Christine Duval investigating novel methods for separating elements for wind turbines, electric vehicles, smart phones, nuclear power
Case Western Reserve University scientist Christine Duval will investigate novel and more environmentally safe methods to separate so-called “rare-earth elements” used for wind turbines, electric vehicles and smart phones.
Duval, an assistant professor of chemical engineering in the Case School of Engineering, was awarded a five-year, $549,000 National Science Foundation (NSF) Faculty Early Career Development Program (CAREER) grant to pursue the research.
She will investigate specialty polymer coatings applied in many industries, including to separate rare-earth elements from industrial waste or mined sources. Current extraction methods—more than a half-century old—produce large physical and carbon footprints, and radioactive waste, Duval said.
If successful, these new specialty coatings could be applied to membrane filters or placed in electrochemical devices to separate the desired rare-earth elements from undesired radioactive materials—and without negative consequences.
The CAREER award is considered the foundation’s most significant grant for junior faculty members whom NSF believes “have the potential to serve as academic role models in research and education and to lead advances in the mission of their department or organization.”
“I’m so excited about this approach and I’ve been wanting to do this research for a long time,” she said. “Our preliminary data already shows some possible success, and that our molecular-level design choices can make a difference.”
Venkataramanan “Ragu” Balakrishnan, the Charles H. Phipps Dean of the Case School of Engineering, lauded Duval for her “unique expertise in radiochemistry” and said the school was “honored that her incredible talent is gaining recognition at this level.”
“Dr. Duval finds new and better ways to develop and use nuclear materials for a variety of applications including electricity generation, clean energy, and even treatments for cancer,” Dean Balakrishnan said. “(She) works to lessen the environmental impact of developing these materials and has created a research enterprise intentionally designed to improve diversity and broaden impact in the field.”
Ongoing and expanded research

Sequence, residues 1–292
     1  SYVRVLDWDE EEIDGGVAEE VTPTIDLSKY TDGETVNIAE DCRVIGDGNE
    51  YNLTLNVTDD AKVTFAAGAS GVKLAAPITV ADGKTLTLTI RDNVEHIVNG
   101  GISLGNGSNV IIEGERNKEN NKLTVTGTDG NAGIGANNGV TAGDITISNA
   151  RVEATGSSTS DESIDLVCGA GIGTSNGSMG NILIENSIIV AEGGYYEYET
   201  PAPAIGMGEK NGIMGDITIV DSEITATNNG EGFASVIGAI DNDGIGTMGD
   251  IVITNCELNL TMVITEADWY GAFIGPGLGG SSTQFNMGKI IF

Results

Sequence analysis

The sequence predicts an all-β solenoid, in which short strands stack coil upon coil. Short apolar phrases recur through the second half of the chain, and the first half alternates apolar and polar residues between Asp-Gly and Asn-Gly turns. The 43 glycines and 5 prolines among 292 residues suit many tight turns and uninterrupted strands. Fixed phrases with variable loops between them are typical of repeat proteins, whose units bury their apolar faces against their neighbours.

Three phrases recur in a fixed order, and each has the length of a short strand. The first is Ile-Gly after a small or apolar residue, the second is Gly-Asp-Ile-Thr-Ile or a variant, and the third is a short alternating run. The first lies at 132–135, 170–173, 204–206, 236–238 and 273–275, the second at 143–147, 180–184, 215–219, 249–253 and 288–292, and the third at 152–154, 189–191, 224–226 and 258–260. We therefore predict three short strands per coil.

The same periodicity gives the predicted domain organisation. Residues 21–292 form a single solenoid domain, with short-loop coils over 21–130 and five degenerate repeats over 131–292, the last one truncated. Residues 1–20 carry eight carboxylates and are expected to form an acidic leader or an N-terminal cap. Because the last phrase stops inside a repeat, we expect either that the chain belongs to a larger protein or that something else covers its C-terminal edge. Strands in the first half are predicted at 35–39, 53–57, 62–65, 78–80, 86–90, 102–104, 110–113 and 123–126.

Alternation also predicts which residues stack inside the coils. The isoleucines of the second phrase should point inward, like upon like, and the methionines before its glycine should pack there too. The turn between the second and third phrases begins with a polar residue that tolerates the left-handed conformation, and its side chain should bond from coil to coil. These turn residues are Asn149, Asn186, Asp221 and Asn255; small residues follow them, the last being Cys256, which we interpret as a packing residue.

Duval will focus on separating what are known as “f-elements” (lanthanides and actinides)—among the heaviest found in nature. Both play a crucial role in applications of nuclear technology, including electricity generation, clean energy technologies and cancer treatment, she said.
Lanthanides and actinides are harvested from natural resources through traditional mining approaches or by processing industrial waste sources and chemically separated.
“These polymer coatings can enable alternative separation technologies to solvent extraction that have smaller physical footprints and minimize the volume of waste generated,” Duval said. “Usually, we try to separate elements by their molecular size or electrical charge, but some lanthanides and actinides are practically the same in both, so we have to find new ways.”
One of those new ways, Duval said, is by leveraging the “hydrophobicity” of the coatings, meaning how much the coating surface doesn’t like water.
“We’re learning that this can play a role in the separation,” she said. “That’s one area that is showing some promise and one that was pretty surprising.”
Duval has already conducted similar research—work involving new separation methods and materials, but from different sources.
In 2021, Duval was named lead researcher on a four-year, $1.7 million NSF grant to develop a new way to recover four valuable rare earth elements from phosphogypsum, a mining waste mixed with radioactively contaminated water. On that project, she’s working with Julie Renner, an assistant professor of chemical and biomolecular engineering at Case Western Reserve, and other scientists from Clemson and Penn State universities.
In June 2020, Duval was awarded a five-year, $750,000 U.S. Department of Energy Early Career Research Award to work on radiochemical separations for nuclear medicine and cancer treatment.
The importance of rare-earth metals
The research comes amid a global competition to produce greater amounts of rare-earth metals.
Nearly all critical rare-earth metals are imported by the United States, according to the U.S. Geological Survey, leading to a push to produce them domestically.
In February 2021, President Joe Biden signed an executive order authorizing the defense department to investigate U.S. reliance on foreign imports and a lack of domestic processing of rare-earth elements, which are mainly processed in China.
The metals are common in nature, but dispersed in smaller concentrations, harder to mine and not easily extracted from their surrounding elements—several of which are radioactive.
For more information, contact Mike Scott at email@example.com.
This article was originally published Feb. 23, 2023.